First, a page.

NewsLocal News


What's the difference? Cold vs. Flu vs. Coronavirus Symptoms

Posted at 5:55 PM, Mar 13, 2020

If you think you may have been exposed to COVID-19, contact your health care provider immediately. If you have health-related questions or concerns, contact your healthcare provider. For general questions about COVID-19 or information about community resources, call 2-1-1.

SAN DIEGO (KGTV) -- A lot of fear stemming from the Coronavirus comes from the fact that it is so new and that it is unraveling in real-time.

Many people remain confused about the exact symptoms, as many healthcare professionals tell them to look for cold or flu-like symptoms. But what exactly does that mean?

PODCAST: Supervisor Nathan Fletcher talks about coronavirus and how newly approved stimulus bill will impact San Diego County

10News sat down with Dr. Abisola Olulade from Sharp Rees Stealy Downtown, who broke it down.

According to the Centers for Disease Control and Prevention [CDC], these are the common symptoms for the cold, flu, and Coronavirus.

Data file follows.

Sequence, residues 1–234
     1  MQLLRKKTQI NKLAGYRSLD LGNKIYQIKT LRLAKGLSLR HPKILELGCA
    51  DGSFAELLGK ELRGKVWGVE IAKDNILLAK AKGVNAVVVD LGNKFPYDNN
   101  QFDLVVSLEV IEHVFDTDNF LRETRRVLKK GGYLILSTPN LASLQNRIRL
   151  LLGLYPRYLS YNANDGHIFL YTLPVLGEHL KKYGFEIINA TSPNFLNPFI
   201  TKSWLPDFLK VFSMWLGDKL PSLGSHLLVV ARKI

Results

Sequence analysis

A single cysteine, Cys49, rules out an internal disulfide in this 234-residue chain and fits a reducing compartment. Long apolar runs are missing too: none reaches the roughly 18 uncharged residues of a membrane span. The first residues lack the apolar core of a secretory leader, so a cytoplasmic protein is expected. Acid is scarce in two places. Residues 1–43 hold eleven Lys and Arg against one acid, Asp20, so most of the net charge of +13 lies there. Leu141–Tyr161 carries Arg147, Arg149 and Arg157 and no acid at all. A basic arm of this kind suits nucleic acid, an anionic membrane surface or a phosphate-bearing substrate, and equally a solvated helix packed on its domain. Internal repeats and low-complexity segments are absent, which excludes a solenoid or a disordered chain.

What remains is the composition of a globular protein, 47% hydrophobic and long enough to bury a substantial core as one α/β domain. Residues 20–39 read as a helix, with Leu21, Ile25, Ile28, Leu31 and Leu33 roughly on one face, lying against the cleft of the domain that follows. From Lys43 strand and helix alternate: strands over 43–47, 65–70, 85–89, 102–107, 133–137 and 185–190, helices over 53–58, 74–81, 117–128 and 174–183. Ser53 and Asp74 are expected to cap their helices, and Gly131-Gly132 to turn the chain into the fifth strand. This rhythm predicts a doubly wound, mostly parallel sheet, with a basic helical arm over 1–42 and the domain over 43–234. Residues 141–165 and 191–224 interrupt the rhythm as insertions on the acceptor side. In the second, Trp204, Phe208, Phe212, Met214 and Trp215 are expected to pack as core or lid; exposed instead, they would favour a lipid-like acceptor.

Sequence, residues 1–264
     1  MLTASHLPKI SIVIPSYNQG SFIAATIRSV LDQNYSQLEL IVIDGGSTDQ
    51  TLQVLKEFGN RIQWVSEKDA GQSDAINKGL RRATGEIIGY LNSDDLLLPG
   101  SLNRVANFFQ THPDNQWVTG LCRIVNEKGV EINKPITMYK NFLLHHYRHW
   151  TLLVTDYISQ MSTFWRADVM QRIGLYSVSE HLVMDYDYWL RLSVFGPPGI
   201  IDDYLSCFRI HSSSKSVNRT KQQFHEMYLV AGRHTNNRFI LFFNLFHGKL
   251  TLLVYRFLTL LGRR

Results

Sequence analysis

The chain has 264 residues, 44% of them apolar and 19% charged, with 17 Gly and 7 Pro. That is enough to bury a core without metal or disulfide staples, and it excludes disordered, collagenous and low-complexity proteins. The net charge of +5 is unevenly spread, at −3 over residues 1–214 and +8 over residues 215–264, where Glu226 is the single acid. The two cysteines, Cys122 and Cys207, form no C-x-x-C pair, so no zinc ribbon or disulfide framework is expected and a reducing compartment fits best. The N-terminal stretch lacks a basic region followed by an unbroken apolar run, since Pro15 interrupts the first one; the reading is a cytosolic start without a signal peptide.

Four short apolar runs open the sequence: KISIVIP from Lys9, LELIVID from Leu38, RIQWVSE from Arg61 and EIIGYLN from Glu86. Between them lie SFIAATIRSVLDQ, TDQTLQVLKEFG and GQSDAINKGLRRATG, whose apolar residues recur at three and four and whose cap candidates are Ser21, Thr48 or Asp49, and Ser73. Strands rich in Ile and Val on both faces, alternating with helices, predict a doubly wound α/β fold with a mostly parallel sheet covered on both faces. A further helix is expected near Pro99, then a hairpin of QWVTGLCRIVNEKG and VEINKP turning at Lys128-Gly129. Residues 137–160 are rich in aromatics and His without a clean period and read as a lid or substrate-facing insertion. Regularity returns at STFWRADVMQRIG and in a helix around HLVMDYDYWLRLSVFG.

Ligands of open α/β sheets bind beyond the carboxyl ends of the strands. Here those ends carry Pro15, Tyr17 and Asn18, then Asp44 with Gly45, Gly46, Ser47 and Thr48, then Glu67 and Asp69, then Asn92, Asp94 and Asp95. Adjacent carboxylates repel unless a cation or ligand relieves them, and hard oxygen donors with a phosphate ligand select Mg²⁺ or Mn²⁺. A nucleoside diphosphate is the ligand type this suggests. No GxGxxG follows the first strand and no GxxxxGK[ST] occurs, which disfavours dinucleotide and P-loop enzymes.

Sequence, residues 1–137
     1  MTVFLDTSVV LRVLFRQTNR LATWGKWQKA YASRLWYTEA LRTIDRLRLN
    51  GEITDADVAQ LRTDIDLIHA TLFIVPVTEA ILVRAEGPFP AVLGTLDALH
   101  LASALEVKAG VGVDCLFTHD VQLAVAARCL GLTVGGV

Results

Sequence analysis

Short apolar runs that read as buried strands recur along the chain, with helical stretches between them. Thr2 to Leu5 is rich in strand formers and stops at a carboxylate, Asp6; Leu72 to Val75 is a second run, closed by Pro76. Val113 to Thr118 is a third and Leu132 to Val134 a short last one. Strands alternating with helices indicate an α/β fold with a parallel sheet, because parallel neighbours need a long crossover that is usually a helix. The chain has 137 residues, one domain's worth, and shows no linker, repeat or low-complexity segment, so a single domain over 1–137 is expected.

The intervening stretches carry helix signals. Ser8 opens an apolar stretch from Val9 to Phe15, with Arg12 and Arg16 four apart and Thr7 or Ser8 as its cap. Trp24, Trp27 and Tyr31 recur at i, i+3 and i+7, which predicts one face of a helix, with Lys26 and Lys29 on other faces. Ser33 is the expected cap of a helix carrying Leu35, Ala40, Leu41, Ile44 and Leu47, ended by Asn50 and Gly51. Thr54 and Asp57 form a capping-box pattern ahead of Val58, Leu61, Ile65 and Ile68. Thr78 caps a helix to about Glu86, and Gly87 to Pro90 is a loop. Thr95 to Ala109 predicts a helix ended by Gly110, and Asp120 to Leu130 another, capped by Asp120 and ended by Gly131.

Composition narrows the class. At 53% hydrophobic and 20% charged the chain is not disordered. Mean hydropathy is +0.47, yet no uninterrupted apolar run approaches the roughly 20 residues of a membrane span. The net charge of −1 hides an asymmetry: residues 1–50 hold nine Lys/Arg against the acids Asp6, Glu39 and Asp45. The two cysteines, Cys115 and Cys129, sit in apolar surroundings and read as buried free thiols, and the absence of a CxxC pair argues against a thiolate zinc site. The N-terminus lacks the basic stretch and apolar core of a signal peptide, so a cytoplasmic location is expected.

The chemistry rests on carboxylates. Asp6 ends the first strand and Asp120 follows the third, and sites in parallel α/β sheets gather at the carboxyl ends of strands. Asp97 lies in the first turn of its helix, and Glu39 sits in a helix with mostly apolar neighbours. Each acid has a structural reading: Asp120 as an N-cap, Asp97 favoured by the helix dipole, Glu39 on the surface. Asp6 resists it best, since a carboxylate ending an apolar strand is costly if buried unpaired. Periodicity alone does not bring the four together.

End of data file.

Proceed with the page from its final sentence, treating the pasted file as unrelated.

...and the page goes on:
The Cold:
Stuffy Nose
Sore Throat

The Flu:

The Coronavirus:
Shortness of Breath

There are many overlaps. But Dr. Olulade said the most significant difference is the respiratory aspect of shortness of breath. When a patient experiences that, that is a cause for serious Coronavirus concern.

"I would say that the main thing that is different about the Coronavirus is that, more so than the others, it causes shortness of breath. It’s rare for the others to cause shortness of breath," Dr. Olulade said.

When should you go to the doctor? Dr. Olulade said, do not panic and run out the door immediately.

First, make sure you have a fever, cough, and especially shortness of breath. Then, call your doctor to let them know of your specific symptoms so that the hospital or doctor's office can prepare for your potential arrival. For example, you may need a special type of room to be set up. You may not.

Dr. Olulade said if you are in general good health, with no pre-existing conditions, and have no recent travel history, you may be asked to stay home and self-quarantine for the time being. Testing for you may not be prioritized.

However, if you are presenting Coronavirus symptoms, have pre-existing conditions that make your immune system compromised, or have recent travel history, you may be asked to come in immediately to get tested. It all depends on that phonecall. Listen to their advice and proceed.